HARRISBURG, Pa. (AP) — The World War I exploits of Sgt. Alvin C. York netted Gary Cooper a best actor Academy Award and Pennsylvania state Sen. Doug Mastriano a degree, a book deal — and academic backlash.
Mastriano had a deep interest in York long before he led anti-mask protests last year, fought tirelessly to overturn then-President Donald Trump's reelection loss and showed up outside the U.S. Capitol during the Jan. 6 riot.
Mastriano's research into York helped earn him a doctorate in history from the University of New Brunswick and a publishing deal with the University Press of Kentucky, but critics argue his work does not hold up to scrutiny.
A crack shot, York led a small group of U.S. soldiers behind German lines to disrupt machine gunfire while badly outnumbered outside the village of Chatel-Chehery, France, in the waning weeks of the war. More than 20 German soldiers were killed and 132 captured, winning the Tennessee native widespread fame and the Medal of Honor.
More than a century later, a battle continues to rage over where exactly it all took place.
For more than a decade, other researchers have questioned Mastriano's claim to have conclusively proved exactly where York was when his lethal marksmanship played out in October 1918. They argue his research is plagued with errors and that a walking trail to the battle location he helped build actually takes visitors to the wrong spot.
In the past two months, University of Oklahoma history graduate student James Gregory has filed complaints with Mastriano's publisher and with the Canadian university.
"Many of his citations are completely false and do not support his claims whatsoever," Gregory said in a Jan. 25 email to the University Press of Kentucky, identifying footnotes with no apparent relation to their corresponding book passages.
"Any work done using Mastriano is built upon poor, false research," Gregory wrote.
Both institutions have told Gregory they have opened preliminary reviews.
Mastriano has not responded to repeated requests for comment, including written questions, from The Associated Press.
The 57-year-old Franklin County Republican, first elected two years ago and currently pondering a 2022 run for governor, seemed to emerge out of nowhere last year to become a one-man force in Pennsylvania politics.
He has boasted of speaking with Trump at least 15 times and organized an election hearing in Gettysburg that featured Rudy Giuliani and a phone call appearance by Trump.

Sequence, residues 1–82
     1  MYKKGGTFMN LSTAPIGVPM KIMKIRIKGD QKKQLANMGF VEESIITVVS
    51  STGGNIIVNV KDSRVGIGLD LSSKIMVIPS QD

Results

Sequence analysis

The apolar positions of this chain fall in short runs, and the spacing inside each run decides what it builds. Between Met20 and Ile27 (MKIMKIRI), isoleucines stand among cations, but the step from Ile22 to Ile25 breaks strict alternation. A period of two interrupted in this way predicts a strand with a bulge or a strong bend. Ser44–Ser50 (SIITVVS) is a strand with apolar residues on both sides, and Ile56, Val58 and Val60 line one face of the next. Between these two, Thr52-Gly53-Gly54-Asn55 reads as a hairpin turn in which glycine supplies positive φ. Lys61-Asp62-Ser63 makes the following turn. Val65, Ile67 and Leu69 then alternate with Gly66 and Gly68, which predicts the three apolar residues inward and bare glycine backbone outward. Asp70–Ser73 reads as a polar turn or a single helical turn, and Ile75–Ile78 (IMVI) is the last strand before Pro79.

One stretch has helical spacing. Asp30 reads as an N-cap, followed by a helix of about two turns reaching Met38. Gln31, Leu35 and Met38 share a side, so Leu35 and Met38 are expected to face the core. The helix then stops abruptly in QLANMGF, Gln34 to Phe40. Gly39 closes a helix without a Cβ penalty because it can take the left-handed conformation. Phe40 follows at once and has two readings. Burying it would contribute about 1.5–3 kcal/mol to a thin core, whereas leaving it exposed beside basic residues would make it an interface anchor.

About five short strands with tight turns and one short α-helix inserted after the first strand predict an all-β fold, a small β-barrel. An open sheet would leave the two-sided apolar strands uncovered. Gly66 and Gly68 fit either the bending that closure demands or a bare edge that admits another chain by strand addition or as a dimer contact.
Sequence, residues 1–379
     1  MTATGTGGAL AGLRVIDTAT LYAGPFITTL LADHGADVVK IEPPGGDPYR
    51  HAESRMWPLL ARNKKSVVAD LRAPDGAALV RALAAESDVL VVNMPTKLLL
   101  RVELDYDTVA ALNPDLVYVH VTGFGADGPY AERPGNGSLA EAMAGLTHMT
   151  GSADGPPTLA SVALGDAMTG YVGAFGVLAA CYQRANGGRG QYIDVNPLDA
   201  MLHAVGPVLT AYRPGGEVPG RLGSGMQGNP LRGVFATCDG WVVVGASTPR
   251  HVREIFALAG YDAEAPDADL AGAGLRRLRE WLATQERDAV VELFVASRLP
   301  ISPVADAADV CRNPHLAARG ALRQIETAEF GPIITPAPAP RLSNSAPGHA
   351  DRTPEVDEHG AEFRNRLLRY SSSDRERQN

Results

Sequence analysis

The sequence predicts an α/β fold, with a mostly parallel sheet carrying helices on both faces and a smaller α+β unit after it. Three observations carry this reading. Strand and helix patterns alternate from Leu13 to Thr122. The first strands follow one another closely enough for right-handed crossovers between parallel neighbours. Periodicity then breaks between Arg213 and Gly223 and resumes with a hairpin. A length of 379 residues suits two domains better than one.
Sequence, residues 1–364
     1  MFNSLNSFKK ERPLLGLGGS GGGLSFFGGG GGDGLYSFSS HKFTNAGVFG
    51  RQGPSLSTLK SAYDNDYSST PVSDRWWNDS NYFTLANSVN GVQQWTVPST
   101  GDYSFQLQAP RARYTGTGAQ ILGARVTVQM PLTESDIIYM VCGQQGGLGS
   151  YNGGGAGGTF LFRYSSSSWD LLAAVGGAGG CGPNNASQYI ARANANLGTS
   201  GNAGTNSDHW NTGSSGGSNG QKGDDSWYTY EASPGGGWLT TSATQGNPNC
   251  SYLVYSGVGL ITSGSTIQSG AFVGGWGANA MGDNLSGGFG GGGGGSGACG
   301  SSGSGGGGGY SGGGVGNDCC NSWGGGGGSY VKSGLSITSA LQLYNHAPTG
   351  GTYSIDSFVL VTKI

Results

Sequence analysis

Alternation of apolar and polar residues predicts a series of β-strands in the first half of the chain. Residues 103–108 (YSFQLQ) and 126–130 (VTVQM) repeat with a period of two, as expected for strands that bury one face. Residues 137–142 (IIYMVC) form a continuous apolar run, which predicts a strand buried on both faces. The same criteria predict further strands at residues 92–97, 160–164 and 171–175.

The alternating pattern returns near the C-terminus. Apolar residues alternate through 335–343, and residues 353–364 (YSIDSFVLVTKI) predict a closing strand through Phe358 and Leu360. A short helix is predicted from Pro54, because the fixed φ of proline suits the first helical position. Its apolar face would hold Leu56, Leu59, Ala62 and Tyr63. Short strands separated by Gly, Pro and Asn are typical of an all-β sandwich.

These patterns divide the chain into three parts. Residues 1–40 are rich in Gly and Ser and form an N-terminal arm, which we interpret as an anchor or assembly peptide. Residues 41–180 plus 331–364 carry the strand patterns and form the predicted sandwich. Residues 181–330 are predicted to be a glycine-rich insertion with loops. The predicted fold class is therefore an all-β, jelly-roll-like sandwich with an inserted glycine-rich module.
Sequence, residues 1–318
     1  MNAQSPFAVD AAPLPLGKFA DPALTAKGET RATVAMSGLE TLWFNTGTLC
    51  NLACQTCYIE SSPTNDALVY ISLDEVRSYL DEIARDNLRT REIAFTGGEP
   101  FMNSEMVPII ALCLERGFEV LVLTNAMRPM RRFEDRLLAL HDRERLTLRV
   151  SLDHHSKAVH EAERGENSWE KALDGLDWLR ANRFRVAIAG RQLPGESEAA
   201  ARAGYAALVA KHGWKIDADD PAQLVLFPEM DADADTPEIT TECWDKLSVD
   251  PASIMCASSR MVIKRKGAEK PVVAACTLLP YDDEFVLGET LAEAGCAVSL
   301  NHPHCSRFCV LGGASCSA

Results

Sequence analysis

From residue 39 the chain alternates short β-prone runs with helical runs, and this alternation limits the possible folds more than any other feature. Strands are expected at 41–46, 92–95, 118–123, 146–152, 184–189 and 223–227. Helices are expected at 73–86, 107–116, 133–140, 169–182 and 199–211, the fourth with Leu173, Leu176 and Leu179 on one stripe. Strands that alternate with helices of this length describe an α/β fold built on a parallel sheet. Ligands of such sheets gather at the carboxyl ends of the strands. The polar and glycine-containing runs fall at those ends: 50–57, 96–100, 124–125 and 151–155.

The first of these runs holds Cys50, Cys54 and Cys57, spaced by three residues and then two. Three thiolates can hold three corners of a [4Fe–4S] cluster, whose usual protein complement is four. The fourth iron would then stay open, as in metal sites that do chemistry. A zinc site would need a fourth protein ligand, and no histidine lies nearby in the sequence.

He was even scheduled to speak on the U.S. Capitol steps during the early afternoon on Jan. 6 and had organized charter buses to Trump's speech. Despite calls from some Democratic Senate colleagues to resign, Mastriano has maintained he broke no laws the day of the Capitol breach and has not been charged.
Before Mastriano entered the political limelight, he attracted attention for his claim to have pinpointed the precise location of York's famed battle. He organized construction of the 2-mile (3-kilometer) "Circuit du Sergeant York" trail, lined with interpretive markers and dedicated amid fanfare in 2008.
But a multidisciplinary team that conducted its own surveys of the general battle area concluded the correct spot is very likely about a half-mile (0.8 kilometers) south of Mastriano's purported location.
"The issue is not about a few meters' difference between the two sites," said Dutch journalist Stephan van Meulebrouck, who has written about the York site controversy. "It is about good research versus bad research and the inability, or even the unwillingness of certain parties in this debate to admit to that fact."
In his 2014 book "Alvin York: A New Biography of the Hero of the Argonne," and elsewhere, Mastriano has repeatedly dismissed any notion that there is a legitimate dispute about the validity of his preferred site, writing that "we know with certainty the location of the York action," that it was "discovered with 100% certainty" and that it "has been located and verified."